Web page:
40. And at the time of the end shall the king of the south push at him: and the king of the north shall come against him like a whirlwind, with chariots, and with horsemen, and with many ships; and he shall enter into the countries, and shall overflow and pass over.
40. Et im tempore finis configet cum eo rex austri, et tanquam turbo iruet rex aquilonis, cum curru et equitibus, et navibus multis: et veniet in terras, et exundabit, et transibit, pervadet
As to the time here mentioned, it is a certain or predetermined period' the kings of the south and the north we have already shewn to refer to Egypt and Syria, such being their position with respect to Judea. The word ngch neech, confliget, is literally he shall |push with the horns,| while the word translated, |he shall rush as a whirlwind,| is deduced from sr segner, |to be stormy.| The angel here predicts the numerous victories by means of which the Romans should extend their empire far and wide, although not without great difficulties and dangers. He states, The king of the south should carry on war with the Romans for a definite period I dare not fix the precise time intended by the angel. So great was the power of Egypt, that had the kings of that country relied upon their native resources, they might have summoned courage to make war upon the Romans. Gabinius the proconsul led his army there for the sake of restoring Ptolemy. He expelled Archelaus without much trouble, and then like a mercenary he risked his life and his fame there, as well as his army. Caesar was in danger there, after vanquishing Pompey; then Antony next made war upon Augustus, assisted by the forces of Cleopatra; then Egypt put forth all her strength, and at his failure was reduced herself to a province of Rome. The angel did not propose to mark a continued series of times, but only briefly to admonish the faithful to stand firm amidst those most grievous concussions which were then at hand. Whatever be the precise meaning, the angel doubtless signified the difficult nature of the struggle between the Romans and the Egyptians. I have already stated the witness of history to the fact, that the Egyptians never made war against the Romans in their own name; sometimes events were so confused that the Egyptians coalesced with the Syrians, and then we must read the words conjointly -- thus the king of the south, assisted by the king of the north, should carry on war with the Romans. The angel thus shews us how the king of Syria should furnish greater forces and supplies than the Egyptian monarch, and this really happened at the beginning of the triumvirate. He states next, The king of the south should come with chariots and horses and many ships. Nor is it necessary here to indicate the precise period, since the Romans carried on many wars in the east, during which they occupied Asia, while a part of Libya fell to them by the will of its king without arms or force of any kind.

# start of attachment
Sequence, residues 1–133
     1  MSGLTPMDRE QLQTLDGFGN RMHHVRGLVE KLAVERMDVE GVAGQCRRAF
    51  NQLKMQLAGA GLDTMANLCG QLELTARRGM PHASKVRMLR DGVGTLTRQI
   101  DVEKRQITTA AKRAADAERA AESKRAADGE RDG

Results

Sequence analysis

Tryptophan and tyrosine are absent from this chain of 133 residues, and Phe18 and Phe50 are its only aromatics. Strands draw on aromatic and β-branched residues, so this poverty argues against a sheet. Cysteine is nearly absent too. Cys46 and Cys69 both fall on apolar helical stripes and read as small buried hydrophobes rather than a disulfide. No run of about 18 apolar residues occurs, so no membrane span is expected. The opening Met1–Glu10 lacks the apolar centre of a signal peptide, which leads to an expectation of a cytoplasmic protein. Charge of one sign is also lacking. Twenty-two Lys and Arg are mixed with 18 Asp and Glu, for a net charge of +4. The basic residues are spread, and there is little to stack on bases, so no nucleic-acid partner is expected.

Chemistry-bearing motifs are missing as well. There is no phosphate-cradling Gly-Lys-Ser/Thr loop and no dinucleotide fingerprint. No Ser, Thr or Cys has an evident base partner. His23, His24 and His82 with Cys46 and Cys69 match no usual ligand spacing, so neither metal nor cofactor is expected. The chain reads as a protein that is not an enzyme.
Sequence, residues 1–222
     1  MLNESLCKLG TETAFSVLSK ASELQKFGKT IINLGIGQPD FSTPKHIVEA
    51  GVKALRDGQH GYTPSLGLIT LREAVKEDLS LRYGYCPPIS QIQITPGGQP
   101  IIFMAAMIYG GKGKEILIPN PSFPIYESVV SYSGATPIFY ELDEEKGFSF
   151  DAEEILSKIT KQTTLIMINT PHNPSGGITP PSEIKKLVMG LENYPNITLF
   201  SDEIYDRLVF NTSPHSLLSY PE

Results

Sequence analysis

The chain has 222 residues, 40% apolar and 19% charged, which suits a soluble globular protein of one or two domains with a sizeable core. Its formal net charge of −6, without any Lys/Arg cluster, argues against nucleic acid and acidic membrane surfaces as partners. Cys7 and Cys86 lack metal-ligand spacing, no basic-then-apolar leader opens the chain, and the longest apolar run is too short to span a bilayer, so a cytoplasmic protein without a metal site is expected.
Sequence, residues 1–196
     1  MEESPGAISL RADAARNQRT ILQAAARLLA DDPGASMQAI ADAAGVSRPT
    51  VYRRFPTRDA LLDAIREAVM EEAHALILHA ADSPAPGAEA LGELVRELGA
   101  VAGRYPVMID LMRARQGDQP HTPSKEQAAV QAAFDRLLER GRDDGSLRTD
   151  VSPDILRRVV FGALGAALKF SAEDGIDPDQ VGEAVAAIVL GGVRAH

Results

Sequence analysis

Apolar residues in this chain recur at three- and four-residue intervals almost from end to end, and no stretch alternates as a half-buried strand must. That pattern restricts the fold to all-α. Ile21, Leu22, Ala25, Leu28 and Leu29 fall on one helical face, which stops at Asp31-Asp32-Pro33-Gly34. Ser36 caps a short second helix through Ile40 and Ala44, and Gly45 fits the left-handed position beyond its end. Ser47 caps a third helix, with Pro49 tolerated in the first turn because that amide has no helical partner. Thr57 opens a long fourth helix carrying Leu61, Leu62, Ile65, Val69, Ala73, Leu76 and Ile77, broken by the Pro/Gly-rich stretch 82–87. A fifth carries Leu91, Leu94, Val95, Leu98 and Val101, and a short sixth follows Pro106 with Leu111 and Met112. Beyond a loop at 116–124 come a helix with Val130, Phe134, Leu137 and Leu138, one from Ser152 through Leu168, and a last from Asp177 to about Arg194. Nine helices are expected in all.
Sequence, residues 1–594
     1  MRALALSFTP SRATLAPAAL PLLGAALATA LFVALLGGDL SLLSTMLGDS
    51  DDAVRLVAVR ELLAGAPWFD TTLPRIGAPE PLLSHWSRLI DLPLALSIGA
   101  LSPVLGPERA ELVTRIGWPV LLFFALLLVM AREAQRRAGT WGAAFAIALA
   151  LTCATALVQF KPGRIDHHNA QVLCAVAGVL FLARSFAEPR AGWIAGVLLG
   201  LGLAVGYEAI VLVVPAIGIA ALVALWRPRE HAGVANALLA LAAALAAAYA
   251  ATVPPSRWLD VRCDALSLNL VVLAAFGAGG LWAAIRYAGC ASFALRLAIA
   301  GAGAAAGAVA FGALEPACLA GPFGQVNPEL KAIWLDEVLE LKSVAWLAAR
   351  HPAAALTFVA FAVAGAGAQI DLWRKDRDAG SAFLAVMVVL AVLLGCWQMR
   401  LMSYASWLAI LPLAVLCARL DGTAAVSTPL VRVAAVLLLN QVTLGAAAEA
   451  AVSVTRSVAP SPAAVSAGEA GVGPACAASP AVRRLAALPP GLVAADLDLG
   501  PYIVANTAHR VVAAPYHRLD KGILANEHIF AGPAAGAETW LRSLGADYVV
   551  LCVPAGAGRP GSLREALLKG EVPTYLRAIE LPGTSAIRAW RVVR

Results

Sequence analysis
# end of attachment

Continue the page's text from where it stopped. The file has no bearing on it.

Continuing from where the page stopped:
With reference to these two kingdoms which have been so frequently mentioned, many chiefs ruled over Syria within a short period. First one of the natives was raised to the throne and then another, till the people grew tired of them, and transferred the sovereignty to strangers. Then Alexander rose gradually to power, and ultimately acquired very great fame: he was not of noble birth, for his father was of unknown origin. This man sprang from an obscure family, and at one period possessed neither authority nor resources. He was made king of Syria, because he pretended to be the son of Seleucus, and was slain immediately, while his immediate successor reigned for but a short period. Thus Syria passed over to the Romans on the death of this Seleucus. Tigranes the king of Armenia was then sent for, and he was made ruler over Syria till Lucullus conquered him, and Syria was reduced to a province. The vilest of men reigned over Egypt. Physcon, who was restrained by the Romans when attempting to wrest Syria from the power of its sovereign, was exceedingly depraved both in body and mind and hence he obtained this disgraceful appellation. For the word is a Greek one, equivalent to the French andouille; for physce means that thicker intestine into which the others are usually inserted. This deformity gave rise to his usual name, signifying |pot-bellied,| implying both bodily deformity and likeness to the brutes, while he was not endowed with either intellect or ingenuity. The last king who made the Romans his son's guardians, received the name of Auletes, and Cicero uses this epithet of |flute-player,| because he was immoderately fond of this musical instrument In each kingdom then there was horrible deformity, since those who exercised the royal authority were more like dogs or swine than mankind. Tigranes, it is well known, gave the Romans much trouble. On the other side, Mithridates occupied their attention for a very long period, and with various and opposite success. The Romans throughout all Asia were at one period put to the sword, and when a close engagement was fought, Mithridates was often superior, and he afterwards united his forces with those of Tigranes, his father-in-law. When Tigranes held Armenia, he was a king of other kings, and afterwards added to his dominions a portion of Syria. At length when the last Antiochus was set over the kingdom of Syria by Lucullus, he was removed from his command by the orders of Pompey, and then, as we have stated, Syria became a province of Rome. Pompey crossed the sea, and subdued the whole of Judea as well as Syria' he afterwards entered the Temple, and took away some part of its possessions, but spared the sacred treasures. Crassus succeeded him -- an insatiable whirlpool, who longed for this province for no other reason than his unbounded eagerness for wealth. He despoiled the Temple at Jerusalem; and lastly, after Cleopatra was conquered, Egypt lost its royal race, and passed into a Roman province. If the Romans, had conquered a hundred other provinces, the angel would not have mentioned them here; for I have previously noticed his special regard to the chosen people. Therefore he dwells only on those slaughters which had more or less relation to the wretched Jews. First of all he predicts the great contest which should arise between the kings of Egypt and Syria, who should come on like a whirlwind, while the Romans should rush upon the lands like a deluge, and pass over them. He compares the king of Syria to a whirlwind, for at first he should rush on impetuously, filling both land and sea with his forces. Thus he should possess a well-manned fleet, and thus excite fresh terrors, and yet vanish away rapidly like a whirlwind. But the Romans are compared to a deluge. The new king of whom he had spoken should come, says he, and overflow, burying all the forces of both Egypt and Syria; implying the whole foundations of both realms should be swept away when the Romans passed over them. He shall pass over, he says; meaning, wherever they come, the way shall be open for them and nothing closed against them. He will repeat this idea in another form. He does not speak now of one region only, but says, they should come over the lands, implying a wide-spread desolation, while no one should dare to oppose them by resisting their fury.